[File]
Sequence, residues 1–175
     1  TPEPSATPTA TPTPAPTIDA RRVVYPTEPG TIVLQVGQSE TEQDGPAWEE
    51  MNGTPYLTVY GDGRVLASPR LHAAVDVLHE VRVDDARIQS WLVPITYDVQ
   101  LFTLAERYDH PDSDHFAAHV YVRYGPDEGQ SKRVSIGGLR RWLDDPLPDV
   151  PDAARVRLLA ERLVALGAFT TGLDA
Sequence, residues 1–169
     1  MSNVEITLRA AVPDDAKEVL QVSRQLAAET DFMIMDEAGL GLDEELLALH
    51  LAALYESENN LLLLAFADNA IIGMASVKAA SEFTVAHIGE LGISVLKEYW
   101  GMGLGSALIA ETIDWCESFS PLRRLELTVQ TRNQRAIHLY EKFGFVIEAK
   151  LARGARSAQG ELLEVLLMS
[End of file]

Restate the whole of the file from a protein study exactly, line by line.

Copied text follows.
Sequence, residues 1–175
     1  TPEPSATPTA TPTPAPTIDA RRVVYPTEPG TIVLQVGQSE TEQDGPAWEE
    51  MNGTPYLTVY GDGRVLASPR LHAAVDVLHE VRVDDARIQS WLVPITYDVQ
   101  LFTLAERYDH PDSDHFAAHV YVRYGPDEGQ SKRVSIGGLR RWLDDPLPDV
   151  PDAARVRLLA ERLVALGAFT TGLDA
Sequence, residues 1–169
     1  MSNVEITLRA AVPDDAKEVL QVSRQLAAET DFMIMDEAGL GLDEELLALH
    51  LAALYESENN LLLLAFADNA IIGMASVKAA SEFTVAHIGE LGISVLKEYW
   101  GMGLGSALIA ETIDWCESFS PLRRLELTVQ TRNQRAIHLY EKFGFVIEAK
   151  LARGARSAQG ELLEVLLMS